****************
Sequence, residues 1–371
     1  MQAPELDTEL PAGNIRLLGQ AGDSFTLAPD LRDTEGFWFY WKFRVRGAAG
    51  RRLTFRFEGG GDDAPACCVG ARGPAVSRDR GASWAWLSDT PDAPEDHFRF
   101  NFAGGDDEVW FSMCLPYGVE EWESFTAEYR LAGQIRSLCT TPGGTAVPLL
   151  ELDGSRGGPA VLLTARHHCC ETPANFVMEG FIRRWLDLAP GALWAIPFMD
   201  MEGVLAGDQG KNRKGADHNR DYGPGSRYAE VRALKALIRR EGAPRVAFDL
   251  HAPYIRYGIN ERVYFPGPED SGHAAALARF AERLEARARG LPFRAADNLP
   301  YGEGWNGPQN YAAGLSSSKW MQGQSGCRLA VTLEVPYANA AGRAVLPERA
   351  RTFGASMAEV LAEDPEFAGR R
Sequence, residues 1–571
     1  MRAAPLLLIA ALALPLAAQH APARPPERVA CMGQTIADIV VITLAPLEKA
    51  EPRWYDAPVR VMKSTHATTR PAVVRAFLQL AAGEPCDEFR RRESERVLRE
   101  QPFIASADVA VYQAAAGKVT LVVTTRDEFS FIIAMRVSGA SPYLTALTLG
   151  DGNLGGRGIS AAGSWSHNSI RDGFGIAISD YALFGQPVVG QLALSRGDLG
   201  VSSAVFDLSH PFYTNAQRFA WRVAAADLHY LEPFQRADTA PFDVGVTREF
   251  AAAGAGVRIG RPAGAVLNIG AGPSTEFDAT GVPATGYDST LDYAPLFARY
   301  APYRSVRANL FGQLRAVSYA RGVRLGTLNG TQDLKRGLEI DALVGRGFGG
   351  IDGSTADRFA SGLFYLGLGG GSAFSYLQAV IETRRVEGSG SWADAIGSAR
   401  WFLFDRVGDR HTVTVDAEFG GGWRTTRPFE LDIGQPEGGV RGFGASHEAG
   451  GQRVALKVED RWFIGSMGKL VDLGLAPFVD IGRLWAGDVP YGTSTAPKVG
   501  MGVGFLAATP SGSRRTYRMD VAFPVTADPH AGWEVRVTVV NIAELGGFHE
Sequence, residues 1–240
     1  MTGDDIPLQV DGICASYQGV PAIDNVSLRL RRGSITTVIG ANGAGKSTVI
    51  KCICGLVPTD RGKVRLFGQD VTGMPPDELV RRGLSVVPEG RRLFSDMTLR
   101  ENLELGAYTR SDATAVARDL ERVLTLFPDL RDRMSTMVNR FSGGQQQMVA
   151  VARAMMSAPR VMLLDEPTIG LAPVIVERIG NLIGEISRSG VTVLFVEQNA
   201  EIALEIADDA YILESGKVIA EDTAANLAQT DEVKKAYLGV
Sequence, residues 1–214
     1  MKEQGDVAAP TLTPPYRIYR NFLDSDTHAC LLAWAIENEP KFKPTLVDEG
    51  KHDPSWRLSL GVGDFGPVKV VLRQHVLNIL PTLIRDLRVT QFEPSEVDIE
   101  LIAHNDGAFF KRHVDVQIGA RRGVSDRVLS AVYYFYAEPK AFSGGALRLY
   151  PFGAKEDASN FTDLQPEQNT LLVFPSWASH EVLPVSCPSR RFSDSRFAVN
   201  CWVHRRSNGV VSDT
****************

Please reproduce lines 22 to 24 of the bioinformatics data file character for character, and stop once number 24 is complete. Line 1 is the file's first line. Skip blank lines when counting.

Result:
Sequence, residues 1–240
     1  MTGDDIPLQV DGICASYQGV PAIDNVSLRL RRGSITTVIG ANGAGKSTVI
    51  KCICGLVPTD RGKVRLFGQD VTGMPPDELV RRGLSVVPEG RRLFSDMTLR